HIV Positive Man Sues Employer For Discrimination
Our attitudes towards HIV have progressed a lot in the 30 decades since it was first discovered. We know you can't catch it from touching an infected person. We know it's not just a disease for gay men and drug users (today, African Americans are the most at-risk group). But prejudice is a stubborn thing. A 26-year-old from Michigan claims that his employer harassed and ultimately fired him for being HIV-positive. Now he's suing.
In August 2008, James White started working as a patient coordinator for the Oakland County, Mich., offices of Great Expressions Dental Centers. Five months later he was diagnosed with HIV, and started going to a series of medical appointments.
When the office manager inquired about the reason for all the appointments, White told her that he was HIV positive. "I asked her not to say anything to anyone," White told POZ.
A few days later, the company's regional director, a doctor, summoned him to his office, said "I hear you have AIDS" and told him that it was OK, because White didn't work with patients.
But nothing was OK, according to White. Employees were told to disinfect everything that he touched, and followed him around with Lysol. He was banned from touching doorknobs. His supervisor would also change his schedule suddenly, and when he complied, he was noted as inexcusably absent.
It was seven months, White said, that "degraded me as a person."
His health worsened, and after a weeklong hospitalization, Great Expressions Dental Centers fired him by phone.
"I went from wanting to be an activist -- someone who spoke to groups about HIV," said White, "to someone who didn't want to leave my room for six months."
White has been diagnosed with post-traumatic stress disorder, according to his lawyer, Nicole Thompson. When he enters public places, he gets paranoid that people are following him and scrubbing everything he touches, then he "blacks out" and can't remember anything.
After an investigation, the Equal Employment Opportunity Commission agreed that the dental company, which has 150 clinics in seven states, violated the Americans With Disabilities Act. This law states that employers must make reasonable accommodation for people with disabilities, and cannot discipline or discharge them because of their infirmity. The federal workplace discrimination board sent him a right-to-sue letter.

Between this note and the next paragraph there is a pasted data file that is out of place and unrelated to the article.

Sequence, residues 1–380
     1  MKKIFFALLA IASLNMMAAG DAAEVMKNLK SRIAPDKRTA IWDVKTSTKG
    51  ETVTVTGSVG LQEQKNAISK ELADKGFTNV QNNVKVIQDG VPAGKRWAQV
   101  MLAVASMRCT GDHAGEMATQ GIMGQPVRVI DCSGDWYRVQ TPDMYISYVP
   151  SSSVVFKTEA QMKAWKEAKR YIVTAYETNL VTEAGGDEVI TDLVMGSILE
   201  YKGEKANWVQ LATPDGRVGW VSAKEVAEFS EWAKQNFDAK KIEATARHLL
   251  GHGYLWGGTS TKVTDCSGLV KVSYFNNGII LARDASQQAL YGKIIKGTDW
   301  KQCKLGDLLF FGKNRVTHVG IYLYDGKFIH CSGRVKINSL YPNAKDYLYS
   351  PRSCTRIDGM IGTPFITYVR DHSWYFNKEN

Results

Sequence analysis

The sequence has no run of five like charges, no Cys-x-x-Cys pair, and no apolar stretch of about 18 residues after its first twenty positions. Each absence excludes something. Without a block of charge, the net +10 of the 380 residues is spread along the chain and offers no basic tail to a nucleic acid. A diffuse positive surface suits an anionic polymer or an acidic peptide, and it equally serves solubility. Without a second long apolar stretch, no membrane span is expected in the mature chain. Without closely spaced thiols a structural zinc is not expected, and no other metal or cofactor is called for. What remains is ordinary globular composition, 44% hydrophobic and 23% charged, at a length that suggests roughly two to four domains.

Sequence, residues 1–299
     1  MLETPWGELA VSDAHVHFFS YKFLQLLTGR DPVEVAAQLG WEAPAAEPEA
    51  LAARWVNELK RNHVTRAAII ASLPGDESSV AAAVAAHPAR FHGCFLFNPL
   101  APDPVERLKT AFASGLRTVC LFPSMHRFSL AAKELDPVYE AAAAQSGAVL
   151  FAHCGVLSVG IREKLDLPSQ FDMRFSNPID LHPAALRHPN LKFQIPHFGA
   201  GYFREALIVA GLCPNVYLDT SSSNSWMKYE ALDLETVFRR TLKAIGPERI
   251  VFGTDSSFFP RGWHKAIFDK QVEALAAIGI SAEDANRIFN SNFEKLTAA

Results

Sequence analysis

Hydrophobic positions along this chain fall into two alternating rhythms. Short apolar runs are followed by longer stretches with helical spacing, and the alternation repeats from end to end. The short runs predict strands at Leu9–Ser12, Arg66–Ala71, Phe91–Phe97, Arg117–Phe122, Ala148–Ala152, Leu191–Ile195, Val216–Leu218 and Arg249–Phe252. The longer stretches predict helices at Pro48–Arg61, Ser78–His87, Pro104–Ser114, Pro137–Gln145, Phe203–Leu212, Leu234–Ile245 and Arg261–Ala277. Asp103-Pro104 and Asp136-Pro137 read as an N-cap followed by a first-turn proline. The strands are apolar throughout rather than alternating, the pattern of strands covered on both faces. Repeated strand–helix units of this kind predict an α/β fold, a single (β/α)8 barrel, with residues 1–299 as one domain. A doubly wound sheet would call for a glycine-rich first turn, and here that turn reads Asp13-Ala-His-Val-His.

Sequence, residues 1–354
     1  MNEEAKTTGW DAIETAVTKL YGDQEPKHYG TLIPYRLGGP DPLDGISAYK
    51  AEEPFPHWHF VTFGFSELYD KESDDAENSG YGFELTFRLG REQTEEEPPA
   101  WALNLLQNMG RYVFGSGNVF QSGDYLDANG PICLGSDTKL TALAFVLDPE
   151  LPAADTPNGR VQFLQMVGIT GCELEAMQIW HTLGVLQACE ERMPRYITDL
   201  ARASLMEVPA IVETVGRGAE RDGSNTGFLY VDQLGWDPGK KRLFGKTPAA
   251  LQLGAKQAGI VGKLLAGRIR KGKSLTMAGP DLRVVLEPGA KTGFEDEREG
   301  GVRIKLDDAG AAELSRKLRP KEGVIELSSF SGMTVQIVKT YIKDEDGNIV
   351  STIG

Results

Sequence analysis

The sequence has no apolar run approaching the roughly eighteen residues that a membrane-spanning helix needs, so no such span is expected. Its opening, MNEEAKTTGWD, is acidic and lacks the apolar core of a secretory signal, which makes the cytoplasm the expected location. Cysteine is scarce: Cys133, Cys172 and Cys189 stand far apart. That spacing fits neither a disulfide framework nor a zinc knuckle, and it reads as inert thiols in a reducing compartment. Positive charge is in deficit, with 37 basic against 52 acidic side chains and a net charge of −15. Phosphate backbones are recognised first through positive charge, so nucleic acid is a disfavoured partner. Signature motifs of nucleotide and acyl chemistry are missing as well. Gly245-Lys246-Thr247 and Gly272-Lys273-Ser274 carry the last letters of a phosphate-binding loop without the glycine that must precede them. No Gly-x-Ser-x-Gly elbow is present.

Great Expressions declined a settlement offered by the Equal Employment Opportunity Commission, which requested more than $185,000 in compensatory and punitive damages, according to POZ. Detroit Legal Services and Thompson, who are representing White, are preparing a lawsuit.
"It's the most clear-cut case of HIV discrimination I have ever witnessed," Joshua L. Moore, the president of Detroit Legal Services, told The Detroit News. "He was going through constant harassment."
Richard Beckman, the CEO of Great Expressions Dental Centers, claims that no discrimination took place. He told The Detroit News that the company was "very sympathetic toward anybody who has HIV."
A University of Oklahoma student launched a petition on Change.org, calling for the resignation of the company's regional director. The petition garnered 41,000 signatures in just a few days, before the dental chain threatened legal action for false allegations, and the petition was removed.
It is not yet known what amount White's lawyers will be requesting, but there is precedent for a large payout in HIV discrimination cases.
In 2004, Cirque Du Soleil paid $600,000 to their former employee, Matthew Cusick, for lost wages, front pay, damages and legal fees. The aerial gymnast had been fired, because higher-ups in the circus troupe feared that he would transmit HIV to his co-workers. They said they had to avoid "known safety hazards."
Cirque was also required to provide anti-discrimination training for all of its employees.
Moore hopes Great Expressions will be forced to do the same. "A workplace imbued with ignorance and fear is unacceptable -– no one should have to tolerate it, let alone a person with a serious medical condition," he said. "The actions of Great Expressions amount to nothing less than a campaign of intimidation and error."
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Claire Gordon has contributed to Slate's DoubleX, the Huffington Post, and the book Prisons: Current Controversies. While an undergraduate at Yale University and a research fellow at Yale graduate school, she spoke on panels at Yale and Cornell, and reported from Cairo, Tokyo, and Berlin. Follow Claire on Twitter. Email Claire at email@example.com. Add Claire to your Google+ circles.more...